Magazine article Newsweek

Politics: The Struggle to Shape Kerry's Story

Magazine article Newsweek

Politics: The Struggle to Shape Kerry's Story

Article excerpt

Byline: Susannah Meadows

Renowned documentary filmmaker George Butler, whose "Pumping Iron" made Arnold Schwarzenegger a star, is now turning to John Kerry's story. A longtime friend, Butler is armed with 6,000 photographs of Kerry taken over a lifetime, footage of the young soldier in Vietnam and access to the people who know Kerry best. "I started taking pictures of him because I knew one day it would pay off," says Butler. He's out to make the definitive film about Kerry's life and how it was shaped by Vietnam--in time for a September theatrical release. But telling any story gets tricky when your subject is running for president. Though Butler unabashedly calls his film "pro-Kerry," he doesn't want to be seen as making propaganda. The campaign expects a sympathetic portrait.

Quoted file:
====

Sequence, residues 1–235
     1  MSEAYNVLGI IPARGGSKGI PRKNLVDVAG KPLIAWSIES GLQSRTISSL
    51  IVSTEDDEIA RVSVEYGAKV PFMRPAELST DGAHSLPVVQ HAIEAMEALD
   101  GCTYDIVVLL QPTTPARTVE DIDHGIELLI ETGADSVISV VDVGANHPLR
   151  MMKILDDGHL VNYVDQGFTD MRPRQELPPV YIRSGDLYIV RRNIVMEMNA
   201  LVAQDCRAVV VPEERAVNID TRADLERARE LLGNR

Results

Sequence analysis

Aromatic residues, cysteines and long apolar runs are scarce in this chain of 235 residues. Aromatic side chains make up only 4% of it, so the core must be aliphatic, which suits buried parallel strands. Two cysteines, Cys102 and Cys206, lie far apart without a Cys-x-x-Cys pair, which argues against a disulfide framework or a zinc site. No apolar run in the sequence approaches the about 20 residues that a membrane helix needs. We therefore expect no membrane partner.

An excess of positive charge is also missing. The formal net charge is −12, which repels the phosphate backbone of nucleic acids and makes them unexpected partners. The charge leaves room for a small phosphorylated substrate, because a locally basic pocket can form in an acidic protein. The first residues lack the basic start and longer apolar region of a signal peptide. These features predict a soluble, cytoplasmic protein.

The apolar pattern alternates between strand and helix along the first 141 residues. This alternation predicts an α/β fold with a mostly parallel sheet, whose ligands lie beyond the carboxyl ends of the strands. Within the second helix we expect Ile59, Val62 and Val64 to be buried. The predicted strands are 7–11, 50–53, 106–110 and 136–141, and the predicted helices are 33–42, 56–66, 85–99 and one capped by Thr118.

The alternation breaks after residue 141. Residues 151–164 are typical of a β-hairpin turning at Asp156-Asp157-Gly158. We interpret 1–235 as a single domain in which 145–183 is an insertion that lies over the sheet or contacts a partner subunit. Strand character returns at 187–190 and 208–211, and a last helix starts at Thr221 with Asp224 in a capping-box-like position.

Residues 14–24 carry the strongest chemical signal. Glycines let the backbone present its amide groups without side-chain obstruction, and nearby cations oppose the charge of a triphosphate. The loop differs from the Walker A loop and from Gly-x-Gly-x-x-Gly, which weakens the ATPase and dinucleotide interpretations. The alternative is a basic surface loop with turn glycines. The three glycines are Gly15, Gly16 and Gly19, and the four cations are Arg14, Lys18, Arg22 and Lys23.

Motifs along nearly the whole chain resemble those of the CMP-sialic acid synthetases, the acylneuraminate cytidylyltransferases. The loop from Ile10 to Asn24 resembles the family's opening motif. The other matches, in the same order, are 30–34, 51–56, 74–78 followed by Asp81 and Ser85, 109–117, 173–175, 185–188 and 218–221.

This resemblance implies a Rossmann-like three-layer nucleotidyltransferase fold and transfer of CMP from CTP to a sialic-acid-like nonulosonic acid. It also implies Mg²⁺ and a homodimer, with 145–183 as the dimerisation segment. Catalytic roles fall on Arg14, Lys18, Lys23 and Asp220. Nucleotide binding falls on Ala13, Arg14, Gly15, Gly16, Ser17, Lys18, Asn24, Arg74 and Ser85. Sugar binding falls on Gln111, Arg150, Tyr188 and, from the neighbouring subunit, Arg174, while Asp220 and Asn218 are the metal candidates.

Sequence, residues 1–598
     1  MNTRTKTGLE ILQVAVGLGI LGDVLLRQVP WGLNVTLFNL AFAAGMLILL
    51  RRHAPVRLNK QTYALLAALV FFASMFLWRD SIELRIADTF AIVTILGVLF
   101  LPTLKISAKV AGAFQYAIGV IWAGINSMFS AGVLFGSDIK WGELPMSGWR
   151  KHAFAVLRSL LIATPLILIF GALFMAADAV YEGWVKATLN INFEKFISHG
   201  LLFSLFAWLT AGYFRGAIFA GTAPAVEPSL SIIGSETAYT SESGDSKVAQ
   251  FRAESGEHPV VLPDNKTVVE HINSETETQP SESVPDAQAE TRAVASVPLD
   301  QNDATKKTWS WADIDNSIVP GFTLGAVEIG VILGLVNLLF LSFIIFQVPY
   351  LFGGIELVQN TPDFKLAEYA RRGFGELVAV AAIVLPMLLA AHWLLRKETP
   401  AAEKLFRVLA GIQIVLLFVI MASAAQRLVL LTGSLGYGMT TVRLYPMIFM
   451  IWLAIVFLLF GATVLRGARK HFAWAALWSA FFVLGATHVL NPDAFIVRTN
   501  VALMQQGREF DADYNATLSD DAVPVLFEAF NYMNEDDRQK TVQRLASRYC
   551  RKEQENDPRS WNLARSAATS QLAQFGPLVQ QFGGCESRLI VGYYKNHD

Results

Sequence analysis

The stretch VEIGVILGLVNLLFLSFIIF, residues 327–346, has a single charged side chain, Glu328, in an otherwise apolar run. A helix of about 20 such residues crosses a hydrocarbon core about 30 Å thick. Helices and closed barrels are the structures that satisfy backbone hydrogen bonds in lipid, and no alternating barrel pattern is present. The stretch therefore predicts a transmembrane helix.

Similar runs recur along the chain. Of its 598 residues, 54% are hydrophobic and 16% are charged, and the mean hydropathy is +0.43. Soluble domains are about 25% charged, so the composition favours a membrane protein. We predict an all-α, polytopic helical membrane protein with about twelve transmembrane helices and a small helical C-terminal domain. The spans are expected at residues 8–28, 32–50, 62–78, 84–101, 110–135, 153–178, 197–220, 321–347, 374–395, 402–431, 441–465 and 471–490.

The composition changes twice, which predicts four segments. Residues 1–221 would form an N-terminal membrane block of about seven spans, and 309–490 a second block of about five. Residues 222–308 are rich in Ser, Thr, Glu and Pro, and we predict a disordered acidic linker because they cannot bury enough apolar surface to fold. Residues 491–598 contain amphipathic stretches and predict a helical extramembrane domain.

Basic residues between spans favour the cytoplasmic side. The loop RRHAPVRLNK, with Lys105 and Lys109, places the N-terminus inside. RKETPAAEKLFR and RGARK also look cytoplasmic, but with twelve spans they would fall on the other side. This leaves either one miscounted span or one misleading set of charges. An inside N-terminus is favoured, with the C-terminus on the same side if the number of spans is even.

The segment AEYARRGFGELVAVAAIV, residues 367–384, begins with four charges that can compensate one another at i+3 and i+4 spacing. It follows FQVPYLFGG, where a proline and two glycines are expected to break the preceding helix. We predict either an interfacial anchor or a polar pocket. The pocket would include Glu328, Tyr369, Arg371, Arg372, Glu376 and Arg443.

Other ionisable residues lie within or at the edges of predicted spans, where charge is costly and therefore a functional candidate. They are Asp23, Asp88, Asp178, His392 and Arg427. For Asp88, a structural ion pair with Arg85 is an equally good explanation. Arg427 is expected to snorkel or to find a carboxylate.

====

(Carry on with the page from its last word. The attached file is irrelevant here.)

In one interview for the film, according to two people who've seen it, Kerry's friend Adam Walinsky laments the candidate's loss of passion, saying he wishes Kerry would forget who he's been for the past 30 years and again be the man who bravely spoke out against a war he'd just fought in. For any documentarian, it's a killer quote. But then the Kerry people found out about it. "George knows what he's supposed to do," says Kerry adviser David Thorne, laughing. But his point was clear. "I don't think George wants to do anything that's going to hurt John in any way," adds Thorne, who is also a good friend of Butler's. Butler says, "When I screen the film for David before the final cut, if he makes reasonable objections, I would listen to him. …

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